Know Your Rights: Attorney General James and NYSED Commissioner Rosa Affirm Every New York Student Has the Right to a Free Public Education

NEW YORK – In advance of the start of the school year, New York Attorney General Letitia James and New York State Education Department (NYSED) Commissioner Betty A. Rosa today released “Know Your Rights” guidance affirming that every student between the ages of 5 and 21 has the right to a free public education in New York, regardless of the student's nationality or immigration status. The guidance details schools’ responsibilities in accepting new students and warns against the implementation of policies or requirements that would prevent noncitizens, undocumented students, and families without a lease from registering for school. 

“The law is clear: every New Yorker is entitled to a free public education, and anyone who lives in our state is a New Yorker,” said Attorney General James. “With the first day of school just around the corner, we must ensure that all students are welcomed to attend without delay or difficulty. I will always defend our young people’s right to learn, and I encourage any New Yorker who is denied their right to attend our public schools to contact my office.” 

“We are a nation of immigrants. It is crucial that diversity, equity, and inclusion are rooted in all we do, particularly when it comes to teaching and learning,” said Board of Regents Chancellor Lester W. Young, Jr. “School districts are legally responsible for ensuring that all students, regardless of their nationality or immigration status, have access to an equitable, high-quality education. The Department and the Board of Regents are committed to ensuring schools and school districts have the resources to provide these incoming students and their families with the support they need to succeed.” 

“All school and district leaders must continue to faithfully carry out their duty to accept and provide educational support services for these students and their families,” said Commissioner Rosa. “In partnership with Attorney General James and our school and district leaders, we will continue to take concrete steps to ensure a smooth transition for these students. We must create a safe and welcoming environment where all students have a sense of belonging, as well as the supports they need to learn and grow.”

Under New York law, students between the ages of 5 and 21 have the right to a free public school education. Any policies that prevent students from enrolling in their local public school violate that lawful right. Federal and state laws require public schools to accept and enroll school-age migrants and other students experiencing homelessness, or living in shelters or other temporary housing, even if those students cannot provide proof of residency, school records, or other documents usually required for enrollment.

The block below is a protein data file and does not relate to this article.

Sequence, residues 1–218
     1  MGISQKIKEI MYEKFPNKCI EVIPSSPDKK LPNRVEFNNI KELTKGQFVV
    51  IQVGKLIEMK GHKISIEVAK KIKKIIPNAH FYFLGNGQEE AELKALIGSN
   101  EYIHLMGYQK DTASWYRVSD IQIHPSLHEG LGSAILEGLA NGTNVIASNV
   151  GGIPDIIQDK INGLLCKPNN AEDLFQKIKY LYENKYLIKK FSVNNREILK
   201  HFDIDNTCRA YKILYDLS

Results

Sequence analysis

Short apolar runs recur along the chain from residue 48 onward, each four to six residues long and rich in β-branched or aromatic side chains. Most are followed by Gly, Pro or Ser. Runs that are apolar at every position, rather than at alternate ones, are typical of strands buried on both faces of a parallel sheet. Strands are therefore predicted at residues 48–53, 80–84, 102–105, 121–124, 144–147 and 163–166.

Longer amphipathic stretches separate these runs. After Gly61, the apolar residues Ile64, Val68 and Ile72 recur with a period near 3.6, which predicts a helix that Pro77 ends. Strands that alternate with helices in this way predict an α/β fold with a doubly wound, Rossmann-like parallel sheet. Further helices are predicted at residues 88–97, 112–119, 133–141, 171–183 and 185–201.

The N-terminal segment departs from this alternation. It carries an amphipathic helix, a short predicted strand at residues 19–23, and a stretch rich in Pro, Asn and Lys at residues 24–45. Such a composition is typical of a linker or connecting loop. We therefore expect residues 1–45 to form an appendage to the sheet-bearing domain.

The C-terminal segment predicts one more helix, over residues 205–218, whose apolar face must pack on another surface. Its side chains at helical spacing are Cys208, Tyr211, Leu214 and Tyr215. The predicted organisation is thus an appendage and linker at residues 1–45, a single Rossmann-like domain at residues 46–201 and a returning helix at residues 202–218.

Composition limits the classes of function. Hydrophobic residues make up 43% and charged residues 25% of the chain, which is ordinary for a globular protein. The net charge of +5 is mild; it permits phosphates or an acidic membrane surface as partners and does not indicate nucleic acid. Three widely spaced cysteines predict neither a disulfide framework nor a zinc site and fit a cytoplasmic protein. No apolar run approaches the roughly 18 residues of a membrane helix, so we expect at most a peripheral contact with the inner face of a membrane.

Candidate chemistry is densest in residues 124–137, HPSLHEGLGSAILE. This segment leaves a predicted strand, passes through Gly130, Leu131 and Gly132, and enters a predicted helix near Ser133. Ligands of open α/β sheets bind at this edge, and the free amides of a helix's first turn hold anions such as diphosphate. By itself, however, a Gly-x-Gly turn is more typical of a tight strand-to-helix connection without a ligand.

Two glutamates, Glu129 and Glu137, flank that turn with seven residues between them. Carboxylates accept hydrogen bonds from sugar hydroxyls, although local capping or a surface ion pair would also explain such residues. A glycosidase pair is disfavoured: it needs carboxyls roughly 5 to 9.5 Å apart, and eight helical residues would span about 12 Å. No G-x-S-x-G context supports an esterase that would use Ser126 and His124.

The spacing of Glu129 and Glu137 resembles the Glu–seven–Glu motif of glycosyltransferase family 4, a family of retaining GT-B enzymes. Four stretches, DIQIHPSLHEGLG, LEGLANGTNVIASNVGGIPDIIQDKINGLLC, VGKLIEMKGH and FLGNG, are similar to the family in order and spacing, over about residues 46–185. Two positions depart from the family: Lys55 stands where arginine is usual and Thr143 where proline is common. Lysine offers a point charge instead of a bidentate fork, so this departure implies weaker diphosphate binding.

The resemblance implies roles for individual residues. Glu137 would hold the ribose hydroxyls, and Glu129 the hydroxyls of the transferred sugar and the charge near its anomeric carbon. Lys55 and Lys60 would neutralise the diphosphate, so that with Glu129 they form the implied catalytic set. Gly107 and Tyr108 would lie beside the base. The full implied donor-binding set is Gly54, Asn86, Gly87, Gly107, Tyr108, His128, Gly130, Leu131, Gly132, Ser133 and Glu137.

In order to attend a school district’s schools for free, students must live in that district. While schools can ask families to submit documentation proving residence, they must accept many different kinds of proof, including but not limited to: 

  • Letter or affidavit from the student’s landlord; 
  • Letter or affidavit from a social worker, teacher, lawyer, religious leader, or other individual with personal knowledge of the student’s residence; 
  • Pay stub that shows the student’s address; 
  • Bill for a utility or service, including cell phone, that shows the student’s address; 
  • Membership documents based on residency, such as library cards, whether or not they show the student’s address; 
  • Government-issued identification that shows the student’s address; and 
  • Documents issued by a government agency, such as a local social services agency or the federal Office of Refugee Resettlement, among others. 

When a student requests enrollment, the school must allow the student to begin attending classes the next school day, or as soon as possible. The student then has three business days to prove residency. If the school decides the student is not a resident and therefore not eligible to attend, the school must provide a written notice explaining the decision and how the student can appeal. 

New York schools should not impose residency requirements for students that would make it difficult for noncitizens, undocumented students, and students who live in rented homes without a lease to register for school. Such policies include: 

  • Requiring proofs of residency be less than 30 days old; 
  • Requiring students to present proof of residency more than once if residency has not changed;  
  • Making home visits to investigate every student who does not have a lease or deed; 
  • Denying enrollment if a student or their family cannot provide a voter registration card or driver’s license; 
  • Requiring a social security number or any details about a student’s immigration status as a condition of enrollment; and 
  • Reporting or threatening to report information about a student’s living situation to local code-enforcement authorities. 

The Office of the Attorney General (OAG) encourages New Yorkers who have been denied enrollment at their local public school to file a confidential complaint online with the Civil Rights Bureau

This matter was handled for OAG by Assistant Attorney General Ben Pollak of the Civil Rights Bureau under the supervision of Deputy Bureau Chief Travis England. The Civil Rights Bureau is a part of the Division for Social Justice, which is led by Chief Deputy Attorney General Meghan Faux and overseen by First Deputy Attorney General Jennifer Levy.